Sam Raimi Shares More Details About Why ‘Spider-Man 4’ Was Canceled

Sam Raimi Shares More Details About Why ‘Spider-Man 4’ Was Canceled

Sam Raimi is making his long-awaited return to the superhero genre, as his Marvel Studios movie, Doctor Strange in the Multiverse of Madness, will released in theaters this Friday, May 6. The acclaimed filmmaker, who directed the latest entry in the Marvel Cinematic Universe (MCU), is reflecting on his return to the superhero movie genre, 15 years after the end of his beloved Spider-Man trilogy.

In a new interview with Rolling Stone, the filmmaker discussed stepping back into superhero features, and his memories of the original Spider-Man trilogy, which is widely regarded today as a turning point for superhero movies.

However, the series’ last installment, Spider-Man 3, garnered mixed critical reviews when it was released in 2007, as compared to the high praised its two predecessors received. Although a fourth film was planned and in development, it was ultimately cancelled in favor of a franchise reboot, 2012’s The Amazing Spider-Man, which was instead helmed by Marc Webb.

During his Rolling Stone interview, Raimi revealed that production on Spider-Man 4 was stopped because of issues with the script, which wasn’t up to the standard he had for the film.

“It was a very painful experience for me,” the filmmaker told Rolling Stone writer Brian Hiatt. “I wanted to make a Spider-Man movie to redeem myself for that. [The aborted] Spider-Man 4 — that was really what that was about. I wanted to go out on a high note. I didn’t want to just make another one that pretty much worked. I had a really high standard in my mind. And I didn’t think I could get that script to the level that I was hoping for by that start date.”

During the interview, Raimi also discussed the ideas he had for his fourth Spider-Man movie, including the possibility of his Evil Dead series star Bruce Campbell playing Mysterio. In the MCU, Mysterio was played by Jake Gyllenhaal in 2019’s Spider-Man: Far from Home.

The director was also interested in feature Kraven the Hunter as the main villain in his third Spider-Man sequel. The character will soon to be played by Aaron Taylor-Johnson in a standalone spin-off, called Kraven the Hunter. The superhero film is being directed by J. C. Chandor and will be distributed in theaters on January 13, 2023 by Sony.

Raimi also talked about the possibility of reuniting with his Spider-Man star, Tobey Maguire, for a belated trilogy sequel. However,the director revealed that here would be many challenges in getting his Spider-Man 4 movie made now, even after Maguire reprised his iteration of the character in last year’s hit crossover film, No Way Home. But Raimi hasn’t rule out the possibility of him making a third follow-up in his series just yet.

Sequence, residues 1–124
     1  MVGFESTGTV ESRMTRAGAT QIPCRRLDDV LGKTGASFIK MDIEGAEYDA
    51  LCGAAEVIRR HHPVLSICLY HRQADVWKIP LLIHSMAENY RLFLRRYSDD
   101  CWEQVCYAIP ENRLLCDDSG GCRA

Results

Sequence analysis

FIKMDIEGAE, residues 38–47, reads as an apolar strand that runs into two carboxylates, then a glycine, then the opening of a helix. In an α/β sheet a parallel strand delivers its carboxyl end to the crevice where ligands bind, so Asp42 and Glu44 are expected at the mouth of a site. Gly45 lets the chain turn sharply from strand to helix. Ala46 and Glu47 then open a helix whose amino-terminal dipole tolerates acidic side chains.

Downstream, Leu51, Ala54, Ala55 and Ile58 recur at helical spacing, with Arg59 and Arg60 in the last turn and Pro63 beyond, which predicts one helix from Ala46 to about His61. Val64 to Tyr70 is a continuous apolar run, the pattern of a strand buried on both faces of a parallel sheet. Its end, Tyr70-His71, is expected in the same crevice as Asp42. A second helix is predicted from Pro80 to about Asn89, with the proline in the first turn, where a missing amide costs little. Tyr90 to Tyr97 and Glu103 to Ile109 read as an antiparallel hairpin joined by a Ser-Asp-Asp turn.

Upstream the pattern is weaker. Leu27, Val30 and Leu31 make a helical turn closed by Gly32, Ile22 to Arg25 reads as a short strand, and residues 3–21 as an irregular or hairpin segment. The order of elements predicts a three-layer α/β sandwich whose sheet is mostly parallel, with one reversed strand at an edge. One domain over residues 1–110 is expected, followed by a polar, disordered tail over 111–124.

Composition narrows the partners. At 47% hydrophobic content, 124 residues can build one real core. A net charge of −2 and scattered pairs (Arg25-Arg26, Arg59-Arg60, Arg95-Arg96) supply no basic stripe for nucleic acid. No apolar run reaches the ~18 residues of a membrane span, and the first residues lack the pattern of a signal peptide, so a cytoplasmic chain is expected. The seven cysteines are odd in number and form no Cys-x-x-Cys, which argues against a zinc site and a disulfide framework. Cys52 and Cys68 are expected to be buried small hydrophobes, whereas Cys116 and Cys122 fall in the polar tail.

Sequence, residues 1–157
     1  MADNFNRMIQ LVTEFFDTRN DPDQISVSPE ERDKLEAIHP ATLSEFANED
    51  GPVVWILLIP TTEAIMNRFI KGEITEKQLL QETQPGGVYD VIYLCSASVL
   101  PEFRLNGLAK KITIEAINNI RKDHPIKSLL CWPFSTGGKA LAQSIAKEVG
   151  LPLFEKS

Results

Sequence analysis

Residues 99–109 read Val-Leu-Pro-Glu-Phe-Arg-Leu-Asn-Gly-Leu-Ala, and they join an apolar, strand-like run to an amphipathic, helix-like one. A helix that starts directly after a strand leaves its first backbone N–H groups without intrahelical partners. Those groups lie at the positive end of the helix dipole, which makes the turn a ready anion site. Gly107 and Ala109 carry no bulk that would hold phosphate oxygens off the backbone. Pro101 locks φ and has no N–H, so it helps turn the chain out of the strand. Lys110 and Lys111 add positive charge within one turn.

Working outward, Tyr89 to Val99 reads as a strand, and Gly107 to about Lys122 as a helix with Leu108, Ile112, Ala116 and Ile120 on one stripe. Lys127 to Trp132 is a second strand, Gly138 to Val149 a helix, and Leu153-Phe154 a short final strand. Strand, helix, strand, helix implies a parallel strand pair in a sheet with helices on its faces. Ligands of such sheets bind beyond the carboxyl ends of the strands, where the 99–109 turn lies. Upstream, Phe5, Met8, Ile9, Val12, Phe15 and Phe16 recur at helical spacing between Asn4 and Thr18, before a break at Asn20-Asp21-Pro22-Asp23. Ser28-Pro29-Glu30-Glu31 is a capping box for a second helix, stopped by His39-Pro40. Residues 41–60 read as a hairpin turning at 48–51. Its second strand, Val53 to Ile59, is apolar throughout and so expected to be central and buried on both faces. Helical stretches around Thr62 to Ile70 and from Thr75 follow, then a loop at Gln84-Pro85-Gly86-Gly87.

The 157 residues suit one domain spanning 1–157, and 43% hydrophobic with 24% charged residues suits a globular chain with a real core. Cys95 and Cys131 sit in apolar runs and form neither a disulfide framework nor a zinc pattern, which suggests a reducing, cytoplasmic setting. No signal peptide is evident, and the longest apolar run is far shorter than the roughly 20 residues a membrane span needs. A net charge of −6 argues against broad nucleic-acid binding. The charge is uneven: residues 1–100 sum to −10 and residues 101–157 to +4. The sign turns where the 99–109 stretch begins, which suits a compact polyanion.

“My love for the characters hasn’t diminished one iota,” the filmmaker also told Rolling Stone. “It would be the same things that would stop me now that stopped me then: ‘Does Tobey want to do it? Is there an emotional arc for him? Is there a great conflict for this character? And is there a worthy villain that fits into the theme of the piece?’’There’s a lot of questions that would have to be answered. If those could be answered, then I’d love to.”

Also in the interview, Raimi discussed some of the challenges and complications of making a film with Marvel Studios. He revealed that he had “complete creative freedom” while making the second Doctor Strange solo movie. But he also divulged how the existence of other MCU projects that involved his characters affected the writing process for the Multiverse of Madness script, which was written by Loki scribe, Michael Waldron.

“I’m not really sure what the WandaVision schedule was or how it changed,” the helmer said about the Emmy Award-winning miniseries, which premiered on Disney+ early last year, but was initially meant to come out after his film. “I just know that halfway, or maybe three-quarters of the way into our writing process, I’d first heard of this show they were doing and that we would have to follow it.

“Therefore, we had to really study what WandaVision was doing, so we could have a proper through line and character-growth dynamic. I never even saw all of WandaVision; I’ve just seen key moments of some episodes that I was told directly impact our storyline,” Raimi also admitted.

During the interview, the filmmaker also discussed the reshoots he had to do for Doctor Strange in the Multiverse of Madness. He said they were mostly about adjusting the story after test screenings to help the audience understand what’s happening in the movie, both physically or conceptually.

“There’s a lot of points where the audience says, ‘I don’t understand this concept. Or, ‘I’m aware of this concept, and then you explained it again in the third act.’ ‘Oh, you’re right. The audience knows that already.’ Or: ‘They had to know that in order to accept this next story beat,'” Raimi explained. “A lot of it is test screenings, learning what is confusing on a complex picture like this, or learning things that have overstayed their welcome.”

Check out more of Karen Benardello’s articles.

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